in reality and is basically your imagination unrestricted by reality. Reality is the state of things as they exist.
Elements of a story

1. Characterization
Characters can have special powers.
Animals act like people (animorphisism).

2. Setting
Place is imaginary or of another world or universe.
Time is anytime or no time.
Fantasy time (Once upon a time sets the stage and They lived happily ever after closes the tale.) any time or any place,
timeless or placeless, or long long ago.
Time travel is possible.

3. Plot
Varied, but usually surprising twists or developments.
Involving situations not possible in our realistic world.
Full of action and follows specific and simple patterns.
The plot starts right out with fast moving action that grabs the listeners interest and keeps it.
Conflicts are usually resolved with great deeds or acts of human kindness related to good and bad/evil.

4. Theme
Good versus bad or evil.
Uses magic or other ideas to achieve the extremely impossible.
Right and wrong
Problems of young adults Justice and injustice
Security Happiness, kindness, friendship, loyalty
Fear of leaving home Good triumphant over evil
Fear of not having children Love and loyalty
Fear of not being loved or giving love Love and loyalty can transform ...
Reflect basic values and concerns of different cultures Discuss basic values of people
Good and evil

5. Style
Use of magic or possibly powers that have no scientific bases yet verified by repeatable evidence.
Use of mental powers or technologies that are not possible or not yet discovered.

6. Tone
Feel that in a magical world the story is plausible.
Despite the availability of magic the struggle of the characters seems authentic and failure an option.

7. Point of View
Could be any. Often third person narrative.
My Home
by:Dr. Jose Rizal
I had nine sisters and one brother. My father,a model of fathers, had given us an education in proportion to our modest
means. By dint of frugality, he was able to build a stone house, to buy another, and to raise a small nipa hut in the midst
of a grove we had, under the shade of banana and other trees.
There the delicious atis displayed its delicate fruit and lowered its branches as if to save me the trouble of reaching out
for them. The sweet santol, the scented and mellow tampoy, the pink makopa vied for my favor. Father away, the plum
tree, the harsh but flavorous casuy, and the beautiful tamarind pleased the eye as much as they delighted the palate. Here
the papaya stretched out its broad leaves and tempted the birds with its enormous fruit; there the nangka, the coffee,
and the orange trees perfumed the air with the aroma of their flowers. On this side the iba, the balimbing, the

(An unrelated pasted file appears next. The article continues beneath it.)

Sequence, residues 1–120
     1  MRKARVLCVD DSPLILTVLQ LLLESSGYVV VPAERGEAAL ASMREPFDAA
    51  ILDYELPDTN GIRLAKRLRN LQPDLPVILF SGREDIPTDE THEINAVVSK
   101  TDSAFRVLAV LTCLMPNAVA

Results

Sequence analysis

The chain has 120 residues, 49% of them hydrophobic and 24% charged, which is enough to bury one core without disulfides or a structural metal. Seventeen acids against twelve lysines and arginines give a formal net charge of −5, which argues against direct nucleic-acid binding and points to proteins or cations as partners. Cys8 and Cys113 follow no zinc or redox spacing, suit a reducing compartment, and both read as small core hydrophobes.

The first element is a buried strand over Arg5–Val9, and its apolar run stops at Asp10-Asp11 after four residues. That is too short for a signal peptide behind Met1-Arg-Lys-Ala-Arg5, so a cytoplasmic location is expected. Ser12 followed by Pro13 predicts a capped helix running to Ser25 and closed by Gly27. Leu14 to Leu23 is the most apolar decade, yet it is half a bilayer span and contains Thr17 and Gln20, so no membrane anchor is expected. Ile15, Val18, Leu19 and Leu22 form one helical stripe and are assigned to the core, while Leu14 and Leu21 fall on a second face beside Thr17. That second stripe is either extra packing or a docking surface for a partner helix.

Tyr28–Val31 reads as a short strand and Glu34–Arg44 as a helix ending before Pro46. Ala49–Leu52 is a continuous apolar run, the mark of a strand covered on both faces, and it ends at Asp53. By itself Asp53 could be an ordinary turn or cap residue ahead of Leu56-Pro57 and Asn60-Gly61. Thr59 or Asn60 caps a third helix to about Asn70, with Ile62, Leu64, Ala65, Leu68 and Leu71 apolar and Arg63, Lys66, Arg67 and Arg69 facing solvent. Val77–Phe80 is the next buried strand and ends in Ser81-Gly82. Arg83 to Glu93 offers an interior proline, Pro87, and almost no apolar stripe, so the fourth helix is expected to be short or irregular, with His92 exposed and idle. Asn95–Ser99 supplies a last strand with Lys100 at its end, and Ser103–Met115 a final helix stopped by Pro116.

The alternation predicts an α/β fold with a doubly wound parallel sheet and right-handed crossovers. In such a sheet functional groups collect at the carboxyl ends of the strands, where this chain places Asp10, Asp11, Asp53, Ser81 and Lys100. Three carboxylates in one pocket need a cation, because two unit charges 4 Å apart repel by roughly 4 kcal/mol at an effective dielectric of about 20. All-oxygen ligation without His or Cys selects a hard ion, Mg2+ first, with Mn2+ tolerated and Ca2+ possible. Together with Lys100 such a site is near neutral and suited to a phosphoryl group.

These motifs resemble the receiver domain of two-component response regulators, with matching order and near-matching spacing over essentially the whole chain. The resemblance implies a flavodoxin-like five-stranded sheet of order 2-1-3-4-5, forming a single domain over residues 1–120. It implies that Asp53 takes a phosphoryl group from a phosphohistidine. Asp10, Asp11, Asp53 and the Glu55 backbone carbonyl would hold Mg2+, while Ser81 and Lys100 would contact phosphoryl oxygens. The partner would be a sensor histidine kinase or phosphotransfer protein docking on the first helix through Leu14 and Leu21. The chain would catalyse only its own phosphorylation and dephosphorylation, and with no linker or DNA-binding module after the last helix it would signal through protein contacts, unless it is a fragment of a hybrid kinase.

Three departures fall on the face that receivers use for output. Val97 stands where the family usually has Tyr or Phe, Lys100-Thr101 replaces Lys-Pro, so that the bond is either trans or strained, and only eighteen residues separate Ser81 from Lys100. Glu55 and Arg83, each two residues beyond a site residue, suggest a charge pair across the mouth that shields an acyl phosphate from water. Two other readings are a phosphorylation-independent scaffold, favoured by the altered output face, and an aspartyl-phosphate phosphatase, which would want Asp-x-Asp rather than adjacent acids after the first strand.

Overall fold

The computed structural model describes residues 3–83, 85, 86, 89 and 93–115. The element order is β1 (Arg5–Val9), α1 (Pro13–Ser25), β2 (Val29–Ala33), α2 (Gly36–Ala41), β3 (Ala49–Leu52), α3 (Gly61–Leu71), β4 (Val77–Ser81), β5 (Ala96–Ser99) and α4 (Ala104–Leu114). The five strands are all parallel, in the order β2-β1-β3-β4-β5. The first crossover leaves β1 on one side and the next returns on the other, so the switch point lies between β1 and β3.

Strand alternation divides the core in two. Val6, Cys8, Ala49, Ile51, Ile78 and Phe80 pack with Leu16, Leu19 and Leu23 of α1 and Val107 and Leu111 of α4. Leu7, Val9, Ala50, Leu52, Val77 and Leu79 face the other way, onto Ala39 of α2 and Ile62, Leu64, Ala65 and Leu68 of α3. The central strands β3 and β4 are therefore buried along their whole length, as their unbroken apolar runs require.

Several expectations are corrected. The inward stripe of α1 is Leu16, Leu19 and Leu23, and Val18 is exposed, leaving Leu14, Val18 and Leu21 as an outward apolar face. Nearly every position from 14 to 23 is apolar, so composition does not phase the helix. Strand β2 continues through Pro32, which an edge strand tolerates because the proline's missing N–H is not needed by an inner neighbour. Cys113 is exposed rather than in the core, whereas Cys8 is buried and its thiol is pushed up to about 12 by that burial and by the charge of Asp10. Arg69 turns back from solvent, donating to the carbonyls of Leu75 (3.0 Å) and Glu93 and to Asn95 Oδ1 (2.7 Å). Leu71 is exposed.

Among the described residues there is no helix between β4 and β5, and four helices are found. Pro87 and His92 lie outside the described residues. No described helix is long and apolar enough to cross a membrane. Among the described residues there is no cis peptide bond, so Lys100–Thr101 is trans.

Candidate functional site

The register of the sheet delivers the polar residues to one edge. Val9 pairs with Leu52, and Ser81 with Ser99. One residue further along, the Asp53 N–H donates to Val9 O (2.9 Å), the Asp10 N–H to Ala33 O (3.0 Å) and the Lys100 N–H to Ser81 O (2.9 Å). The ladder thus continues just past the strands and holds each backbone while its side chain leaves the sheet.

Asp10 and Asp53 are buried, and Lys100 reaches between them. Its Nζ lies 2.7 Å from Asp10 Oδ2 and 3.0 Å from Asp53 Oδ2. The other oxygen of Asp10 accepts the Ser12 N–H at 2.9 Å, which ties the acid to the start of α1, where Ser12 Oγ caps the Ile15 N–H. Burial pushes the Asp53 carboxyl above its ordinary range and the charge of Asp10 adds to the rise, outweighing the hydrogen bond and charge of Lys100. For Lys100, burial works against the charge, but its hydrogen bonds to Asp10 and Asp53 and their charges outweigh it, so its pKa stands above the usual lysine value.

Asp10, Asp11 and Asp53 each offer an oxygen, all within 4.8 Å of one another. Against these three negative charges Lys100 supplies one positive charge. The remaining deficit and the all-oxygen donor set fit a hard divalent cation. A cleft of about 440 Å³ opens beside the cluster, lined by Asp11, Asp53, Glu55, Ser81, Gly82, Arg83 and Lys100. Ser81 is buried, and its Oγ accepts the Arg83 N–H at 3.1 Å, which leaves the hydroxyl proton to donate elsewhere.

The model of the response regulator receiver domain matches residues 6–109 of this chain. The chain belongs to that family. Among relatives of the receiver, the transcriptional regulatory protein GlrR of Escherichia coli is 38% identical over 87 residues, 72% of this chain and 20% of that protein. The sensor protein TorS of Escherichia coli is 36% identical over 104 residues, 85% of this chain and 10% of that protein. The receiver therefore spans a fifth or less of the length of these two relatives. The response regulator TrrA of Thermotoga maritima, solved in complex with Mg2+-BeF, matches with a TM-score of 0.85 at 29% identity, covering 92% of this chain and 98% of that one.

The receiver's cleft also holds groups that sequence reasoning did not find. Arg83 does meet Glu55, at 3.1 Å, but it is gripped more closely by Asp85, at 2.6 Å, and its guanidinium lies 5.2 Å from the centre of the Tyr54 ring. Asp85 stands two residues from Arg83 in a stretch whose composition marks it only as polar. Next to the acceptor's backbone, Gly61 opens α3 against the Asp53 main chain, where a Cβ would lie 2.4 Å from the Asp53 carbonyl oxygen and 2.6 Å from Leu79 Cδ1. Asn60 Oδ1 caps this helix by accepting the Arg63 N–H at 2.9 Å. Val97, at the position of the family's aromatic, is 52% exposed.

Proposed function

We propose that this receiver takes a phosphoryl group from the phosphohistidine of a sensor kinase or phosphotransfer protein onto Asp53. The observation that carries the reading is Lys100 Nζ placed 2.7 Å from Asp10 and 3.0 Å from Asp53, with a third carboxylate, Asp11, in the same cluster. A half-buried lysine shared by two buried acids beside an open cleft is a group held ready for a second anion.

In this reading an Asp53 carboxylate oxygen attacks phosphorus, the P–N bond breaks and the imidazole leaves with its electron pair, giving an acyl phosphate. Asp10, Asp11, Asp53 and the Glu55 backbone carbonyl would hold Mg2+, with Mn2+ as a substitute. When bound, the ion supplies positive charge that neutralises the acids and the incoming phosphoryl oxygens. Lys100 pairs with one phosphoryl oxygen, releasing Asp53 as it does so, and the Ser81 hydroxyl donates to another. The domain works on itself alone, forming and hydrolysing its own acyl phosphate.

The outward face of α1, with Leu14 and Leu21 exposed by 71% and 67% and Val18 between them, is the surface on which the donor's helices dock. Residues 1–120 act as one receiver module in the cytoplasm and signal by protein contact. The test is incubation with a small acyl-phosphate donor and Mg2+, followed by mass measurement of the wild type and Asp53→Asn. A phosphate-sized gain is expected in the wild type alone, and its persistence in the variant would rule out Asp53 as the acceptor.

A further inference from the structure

pomegranate with its abundant foliage and its lovely flowers bewitched the senses; while here and there rose elegant and
majestic trees loaded with huge nuts, swaying their proud tops and graceful branches, queens of the forests. I should
never end were I to number all our trees and amuse myself in identifying them.
In the twilight innumerable birds gathered from everywhere and I, a child of three years at most, amused myself watching
them with wonder and joy. The yellow kuliawan, the maya in all the varieties, the kulae, the Maria kapra, the martin, all
the species of pipit joined the pleasant harmony and raised in varied chorus a farewell hymn to the sun as it vanished
behind the tall mountains of my town.
Then the clouds, through a capris of nature, combined in a thousand shapes, which would suddenly dissolve even as those
charming days were also to dissolve, living me only the slightest recollections. Even now, when I look out of the window
of our house at the splendid panorama of twilight, thoughts that are long since gone renew themselves with nostalgic
eagerness.
Came then the night to unfold her mantle, somber at times, for all its stars, when the chaise Diana failed to cross through
the sky in pursuit of her brother Apollo. But when she appeared, a vague brightness was to be discerned in the clouds:
then seemingly they would crumble; and little she was to be seen, lovely, grave, and silent, rising like an immense globe
which an invisible and omnipotent hand drew through space.
At such times my mother gathered us all together to say the rosary. Afterward we would go to the azotea or to some
window from where the moon could be seen, and my ayah would tell us stories, sometimes lugubrious and at other times
gay. In which skeletons and buried treasures and trees that bloomed with diamonds were mingled in confusion, all of
them born on an imagination wholly Oriental. Sometimes she told us that men lived on the moon, or that the markings
which we could perceive on it were nothing else than a woman who was forever weaving.

What did Jose Rizal do for our country?


Dr. Jose P. Rizal is the national hero of the Philippines. He was the one who led the Filipinos to start
a revolution against the Spanish Government to attain freedom and to gain control of the country. ...
He died on December 31, 1896 in Bagumbayan Manila, Philippines.